Banks Get The Gold Mine

Consumers Get The Shaft … and

Jesus Loves You

Sometimes actually getting the bank to give a loan modification doesn’t end with the borrower being getting their issues solved.

Loan modifications are an emotional roller coaster. From the day a borrower finally gets a living, breathing human on the phone that promises to send a modification package until weeks down the road when it’s realized that the package is not showing up will totally wring the spirit out of just about anyone.

The fact of the matter is that, at this point, the banks are basically only required to put for an effort by contacting consumers. The administration has required the banks to show good faith to homeowners in default. In order to receive stimulus money, the banks must collect statistics regarding how many distressed homeowners they’ve reached out to but they are not obligated to re-write or modify even one loan.

Occasionally, a bank will actually agree to a modification but since there are few guidelines it’s like playing a shell game for consumers. They struggle through the process only to get finally get their modification and have little if any change to their situation.

My writing life outside of the weekly column consists of managing my own blog that receives comments and contacts from many people that are struggling in one way or another with a housing predicament. A recent correspondence read in part:

Yes I did a loan modification with my lender. I thought that under these Modifications that they were suppose to put “behind payments” at the end of the loan. Well I did end up with a lower interest rate but they tacked on 9,844.46 raising my balance from $125833.82 to $134094.44, because of that I now owe even more. My payment only went down $25.00. PLEASE HELP ME.

What a tremendous amount of time, money and hope was squandered by a loan modification that would only reduce a house payment by a measly twenty five dollars. There’s little doubt that that transaction will go in the “look, we’re a progressive bank and helped consumers” pile for the administration.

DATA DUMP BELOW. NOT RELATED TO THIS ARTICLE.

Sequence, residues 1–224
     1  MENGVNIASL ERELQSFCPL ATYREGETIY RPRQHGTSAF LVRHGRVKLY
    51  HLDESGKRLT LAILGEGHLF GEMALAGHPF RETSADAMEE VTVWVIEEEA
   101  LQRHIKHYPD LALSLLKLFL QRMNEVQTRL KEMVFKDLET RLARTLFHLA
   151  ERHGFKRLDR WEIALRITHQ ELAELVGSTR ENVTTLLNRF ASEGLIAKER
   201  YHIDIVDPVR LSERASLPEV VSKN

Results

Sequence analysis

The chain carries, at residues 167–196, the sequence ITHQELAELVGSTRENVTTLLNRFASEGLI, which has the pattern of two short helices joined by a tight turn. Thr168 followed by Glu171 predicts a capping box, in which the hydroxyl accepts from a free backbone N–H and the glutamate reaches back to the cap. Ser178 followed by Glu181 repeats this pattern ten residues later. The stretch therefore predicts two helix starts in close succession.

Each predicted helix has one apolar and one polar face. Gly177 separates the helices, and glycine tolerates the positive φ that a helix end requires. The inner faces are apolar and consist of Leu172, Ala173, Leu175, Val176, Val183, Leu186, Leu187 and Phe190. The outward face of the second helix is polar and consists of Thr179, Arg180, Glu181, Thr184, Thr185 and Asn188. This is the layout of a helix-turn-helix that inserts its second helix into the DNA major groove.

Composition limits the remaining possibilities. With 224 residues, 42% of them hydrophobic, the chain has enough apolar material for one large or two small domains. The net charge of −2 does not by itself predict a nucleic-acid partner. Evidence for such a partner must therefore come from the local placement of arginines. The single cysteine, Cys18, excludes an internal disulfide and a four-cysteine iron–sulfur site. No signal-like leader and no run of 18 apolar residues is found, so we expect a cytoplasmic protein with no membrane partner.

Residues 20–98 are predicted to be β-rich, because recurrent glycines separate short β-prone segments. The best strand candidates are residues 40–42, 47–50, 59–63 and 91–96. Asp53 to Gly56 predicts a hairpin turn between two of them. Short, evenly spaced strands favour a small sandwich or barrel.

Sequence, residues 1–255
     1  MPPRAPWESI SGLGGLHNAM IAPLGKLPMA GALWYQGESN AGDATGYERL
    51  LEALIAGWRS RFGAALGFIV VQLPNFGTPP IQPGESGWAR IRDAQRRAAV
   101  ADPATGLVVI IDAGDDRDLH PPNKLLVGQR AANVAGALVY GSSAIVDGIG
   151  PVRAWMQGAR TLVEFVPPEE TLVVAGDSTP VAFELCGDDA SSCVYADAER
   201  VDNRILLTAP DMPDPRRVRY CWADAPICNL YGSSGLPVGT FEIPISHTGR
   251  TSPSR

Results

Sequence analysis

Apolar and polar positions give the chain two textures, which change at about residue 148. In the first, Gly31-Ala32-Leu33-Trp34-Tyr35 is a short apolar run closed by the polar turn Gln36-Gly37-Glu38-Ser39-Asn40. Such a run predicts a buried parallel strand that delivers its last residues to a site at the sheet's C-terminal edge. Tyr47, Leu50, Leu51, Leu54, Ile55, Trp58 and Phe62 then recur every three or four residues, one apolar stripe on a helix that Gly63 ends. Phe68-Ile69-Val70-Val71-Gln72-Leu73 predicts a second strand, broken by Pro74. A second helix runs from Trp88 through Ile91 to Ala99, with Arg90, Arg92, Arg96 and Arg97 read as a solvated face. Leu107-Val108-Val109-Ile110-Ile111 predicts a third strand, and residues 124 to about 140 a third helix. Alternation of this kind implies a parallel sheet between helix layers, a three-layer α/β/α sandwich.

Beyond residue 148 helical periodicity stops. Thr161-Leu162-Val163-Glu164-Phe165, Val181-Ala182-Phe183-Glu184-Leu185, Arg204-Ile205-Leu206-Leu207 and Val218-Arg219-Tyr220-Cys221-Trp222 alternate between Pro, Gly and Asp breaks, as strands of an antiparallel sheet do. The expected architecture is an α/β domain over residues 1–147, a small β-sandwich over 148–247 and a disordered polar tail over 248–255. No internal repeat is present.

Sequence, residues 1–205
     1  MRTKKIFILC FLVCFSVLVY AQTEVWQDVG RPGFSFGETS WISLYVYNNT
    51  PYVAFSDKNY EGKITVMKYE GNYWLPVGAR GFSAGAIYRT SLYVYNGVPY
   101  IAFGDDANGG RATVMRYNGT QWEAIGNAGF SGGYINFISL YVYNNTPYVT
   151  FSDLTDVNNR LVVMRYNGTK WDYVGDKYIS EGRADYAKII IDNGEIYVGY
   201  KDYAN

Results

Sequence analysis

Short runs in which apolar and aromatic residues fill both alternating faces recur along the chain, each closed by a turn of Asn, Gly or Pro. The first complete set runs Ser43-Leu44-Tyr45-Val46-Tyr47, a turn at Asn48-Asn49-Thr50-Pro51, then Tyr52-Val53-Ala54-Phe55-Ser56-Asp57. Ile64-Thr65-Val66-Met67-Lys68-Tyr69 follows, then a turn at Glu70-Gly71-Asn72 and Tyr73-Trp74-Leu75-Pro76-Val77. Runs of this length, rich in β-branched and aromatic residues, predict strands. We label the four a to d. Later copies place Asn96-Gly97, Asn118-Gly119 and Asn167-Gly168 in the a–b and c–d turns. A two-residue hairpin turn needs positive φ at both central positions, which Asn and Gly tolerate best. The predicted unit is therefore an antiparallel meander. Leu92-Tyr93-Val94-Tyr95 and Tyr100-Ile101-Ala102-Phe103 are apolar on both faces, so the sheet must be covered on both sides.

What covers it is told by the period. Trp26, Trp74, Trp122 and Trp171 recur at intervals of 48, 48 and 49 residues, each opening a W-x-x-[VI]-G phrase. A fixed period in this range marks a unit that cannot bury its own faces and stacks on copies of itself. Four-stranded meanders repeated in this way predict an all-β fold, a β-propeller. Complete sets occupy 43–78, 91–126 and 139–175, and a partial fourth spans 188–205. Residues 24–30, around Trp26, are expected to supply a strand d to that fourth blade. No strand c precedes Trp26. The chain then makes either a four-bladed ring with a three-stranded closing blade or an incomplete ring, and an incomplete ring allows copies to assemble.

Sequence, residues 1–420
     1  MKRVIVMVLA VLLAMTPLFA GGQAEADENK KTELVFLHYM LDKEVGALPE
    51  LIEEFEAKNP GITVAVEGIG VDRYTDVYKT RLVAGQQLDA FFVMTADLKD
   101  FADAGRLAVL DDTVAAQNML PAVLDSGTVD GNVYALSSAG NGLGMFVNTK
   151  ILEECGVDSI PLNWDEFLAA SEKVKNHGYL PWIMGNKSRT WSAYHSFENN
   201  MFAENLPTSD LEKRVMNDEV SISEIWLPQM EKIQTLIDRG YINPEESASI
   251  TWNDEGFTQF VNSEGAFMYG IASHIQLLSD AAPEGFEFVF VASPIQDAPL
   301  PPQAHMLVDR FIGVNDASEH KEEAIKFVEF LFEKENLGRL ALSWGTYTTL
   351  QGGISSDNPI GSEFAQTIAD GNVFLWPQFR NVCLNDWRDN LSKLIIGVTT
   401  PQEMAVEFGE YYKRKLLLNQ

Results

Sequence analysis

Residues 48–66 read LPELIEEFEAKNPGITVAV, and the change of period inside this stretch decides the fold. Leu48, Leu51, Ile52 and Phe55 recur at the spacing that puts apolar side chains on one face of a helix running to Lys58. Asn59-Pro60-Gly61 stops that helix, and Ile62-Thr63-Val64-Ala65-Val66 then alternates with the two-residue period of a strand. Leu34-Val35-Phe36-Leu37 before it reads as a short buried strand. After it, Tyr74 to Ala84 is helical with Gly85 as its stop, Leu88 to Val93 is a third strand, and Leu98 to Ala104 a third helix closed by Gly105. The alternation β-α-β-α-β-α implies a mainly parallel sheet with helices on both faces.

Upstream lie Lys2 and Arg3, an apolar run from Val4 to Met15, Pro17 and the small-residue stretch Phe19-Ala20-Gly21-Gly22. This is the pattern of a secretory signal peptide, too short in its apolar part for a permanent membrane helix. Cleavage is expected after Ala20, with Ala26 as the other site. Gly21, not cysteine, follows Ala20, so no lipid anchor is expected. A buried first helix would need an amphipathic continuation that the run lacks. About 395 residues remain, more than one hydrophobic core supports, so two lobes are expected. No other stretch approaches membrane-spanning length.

The harsh reality about loan modification is that only a little over 200,000 modifications have been offered to date. Compare that tiny sum to the millions of consumers that really do need help and the statistics stink worse than yesterday’s trash.

There are still no mandatory requirements planned for lenders to have to help borrowers who are eligible, currently in default or the unfortunate owners of one of the millions of option adjustable rate mortgages that will reset within the next two years. I’ve already seen the term “Option Armageddon” used in discussion about the situation.

If you’re struggling with loan modification you should know that the only requirement that has happened so far is that as of January 1, 2010 loan modifiers will have to be licensed in the state of Florida, unless they’re already licensed as an individual mortgage broker.

Everyone can rest easy knowing that a license now is required to help consumers get a loan modification from a bank that has no mandatory requirements to help anyone.


Real Life in Bonita Springs is a project by Chris Griffith dedicated to writing useful blog posts for consumers about the Bonita Springs, Florida area.  Find out what it is really like to live in Bonita Springs, Florida by reading about our fair city. You’ll get the latest in local real estate information, Bonita Springs real estate market reports and a little bit of humor.  If you have topic ideas, feel free to request a story about the idea, after all, this site is just for you.

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